To finish the wallboard, I first cover the recessed screw heads with joint compound, then apply a coat of compound to the joints themselves. Now I like to wet my paper tape before applying it. For me, it sticks better and I seem to be able to avoid air bubbles.

I lay the tape along the joint, then press it into the compound, keeping the knife at a shallow angle. Taping usually requires two or three coats of compound, each one being applied with a wider knife. I tape the corners the same way, first applying a bedding coat of compound.

Here though, I fold the tape before dipping it in the water and lay the crease into the corner of the wall, then press each flap of the tape into the compound, using the putty knife.

The last step for me is to trim out the windows on the inside. The cordless nailer I'm using requires no compressor, no fuel cells and will drive up to 1000 nails on a single battery charge. Well, that finishes up this room.

When the weather's good, I can open all these windows, pull down the screens and still have the breezes and fresh air of the porch I started with. You know, I like this as a porch but it's 20 degrees out there today and it's warm and cozy in here. So I like it a whole lot more as a four seasons room.

Convert an Existing Porch into Space that can be Used Year Round

If you have an existng screened in porch or patio, you may be surprised by how simple it is to convert this space into a four season room that can be used all year round, no matter what the weather outside. The framework is already there, all you need are some walls and windows, and you've got a more livable square footage.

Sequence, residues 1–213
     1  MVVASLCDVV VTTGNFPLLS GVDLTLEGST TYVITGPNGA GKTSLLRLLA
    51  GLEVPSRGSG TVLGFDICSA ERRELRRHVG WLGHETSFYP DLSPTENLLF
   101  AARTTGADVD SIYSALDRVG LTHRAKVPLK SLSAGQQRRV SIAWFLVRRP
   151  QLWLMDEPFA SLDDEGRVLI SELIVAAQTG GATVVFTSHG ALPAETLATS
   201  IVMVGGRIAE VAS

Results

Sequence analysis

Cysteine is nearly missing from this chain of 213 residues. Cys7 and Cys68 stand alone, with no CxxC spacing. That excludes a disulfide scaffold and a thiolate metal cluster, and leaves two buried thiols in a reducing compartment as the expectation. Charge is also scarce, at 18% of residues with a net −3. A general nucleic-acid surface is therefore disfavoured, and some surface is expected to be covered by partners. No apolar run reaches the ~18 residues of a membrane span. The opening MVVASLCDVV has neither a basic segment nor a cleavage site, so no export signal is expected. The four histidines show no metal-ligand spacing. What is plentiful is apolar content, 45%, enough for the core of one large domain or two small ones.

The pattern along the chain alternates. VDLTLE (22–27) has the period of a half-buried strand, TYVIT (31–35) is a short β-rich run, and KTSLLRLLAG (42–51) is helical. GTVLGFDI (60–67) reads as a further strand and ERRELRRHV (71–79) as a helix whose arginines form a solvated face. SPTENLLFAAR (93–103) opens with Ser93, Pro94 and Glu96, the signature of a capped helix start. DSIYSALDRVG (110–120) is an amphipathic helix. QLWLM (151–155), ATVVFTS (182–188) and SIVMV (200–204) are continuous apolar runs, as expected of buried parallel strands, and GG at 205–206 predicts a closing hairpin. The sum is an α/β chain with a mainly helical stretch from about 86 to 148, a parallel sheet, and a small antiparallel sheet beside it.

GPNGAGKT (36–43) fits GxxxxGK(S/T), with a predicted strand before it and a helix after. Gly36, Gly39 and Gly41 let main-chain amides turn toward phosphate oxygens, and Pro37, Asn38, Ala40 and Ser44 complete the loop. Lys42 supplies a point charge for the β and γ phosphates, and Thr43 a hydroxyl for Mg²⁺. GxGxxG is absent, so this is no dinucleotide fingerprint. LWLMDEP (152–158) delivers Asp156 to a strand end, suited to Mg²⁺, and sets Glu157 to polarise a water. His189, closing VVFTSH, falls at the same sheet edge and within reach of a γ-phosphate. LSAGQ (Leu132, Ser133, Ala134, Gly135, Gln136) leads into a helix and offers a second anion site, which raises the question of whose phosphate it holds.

Remove Old Screen Panels
Step 1

Remove Old Screen Panels

Begin by pulling away the molding or stops that hold the old screen panels into place. Once these have been removed, the panels should be easily tapped out of the frame with a hammer. If there is any additional trim on the exterior of the posts that will serve as your framework, you should also use a pry bar and a hammer to remove it during this step.

Install the Bottom Sill Plate
Step 2

Install the Bottom Sill Plate

Before you build the walls, you will need to install a bottom plate. This plate consists of two boards, one on top of the other, that are bolted directly into the concrete pad below. This step ensures the stability of the walls as the room is finished. The bottom plate should be treated lumber, as it will be the most exposed piece to the elements. Install anchor bolts into the concrete so that the plate can be bolted tightly to the floor. You may also want to place a thin piece of foam insulation between the concrete pad and the bottom board, to make sure that it is weather tight.

Frame the Walls
Step 3